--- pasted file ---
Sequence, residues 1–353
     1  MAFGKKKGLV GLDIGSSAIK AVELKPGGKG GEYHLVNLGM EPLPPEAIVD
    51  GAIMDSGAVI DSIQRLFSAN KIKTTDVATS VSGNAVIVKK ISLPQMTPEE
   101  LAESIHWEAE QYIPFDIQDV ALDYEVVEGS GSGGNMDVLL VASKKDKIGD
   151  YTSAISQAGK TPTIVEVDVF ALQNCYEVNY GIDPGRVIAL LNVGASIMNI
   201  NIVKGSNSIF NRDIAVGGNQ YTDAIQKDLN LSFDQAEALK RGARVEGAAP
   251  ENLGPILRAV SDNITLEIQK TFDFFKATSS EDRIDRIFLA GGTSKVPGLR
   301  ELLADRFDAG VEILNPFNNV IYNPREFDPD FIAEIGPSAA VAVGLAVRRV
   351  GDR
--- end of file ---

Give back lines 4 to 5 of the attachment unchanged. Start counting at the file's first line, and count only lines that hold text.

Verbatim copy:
   101  LAESIHWEAE QYIPFDIQDV ALDYEVVEGS GSGGNMDVLL VASKKDKIGD
   151  YTSAISQAGK TPTIVEVDVF ALQNCYEVNY GIDPGRVIAL LNVGASIMNI